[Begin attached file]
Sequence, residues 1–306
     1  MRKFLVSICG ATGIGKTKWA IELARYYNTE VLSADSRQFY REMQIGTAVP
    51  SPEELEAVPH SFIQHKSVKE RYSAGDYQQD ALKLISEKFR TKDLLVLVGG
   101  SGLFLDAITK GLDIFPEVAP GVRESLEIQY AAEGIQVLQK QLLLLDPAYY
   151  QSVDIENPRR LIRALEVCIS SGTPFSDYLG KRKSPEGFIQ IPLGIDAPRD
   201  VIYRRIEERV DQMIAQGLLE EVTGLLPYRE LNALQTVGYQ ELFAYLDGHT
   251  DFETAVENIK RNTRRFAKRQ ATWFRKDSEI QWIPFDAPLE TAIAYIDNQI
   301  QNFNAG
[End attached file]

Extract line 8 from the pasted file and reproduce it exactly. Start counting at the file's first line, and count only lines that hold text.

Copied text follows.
   301  QNFNAG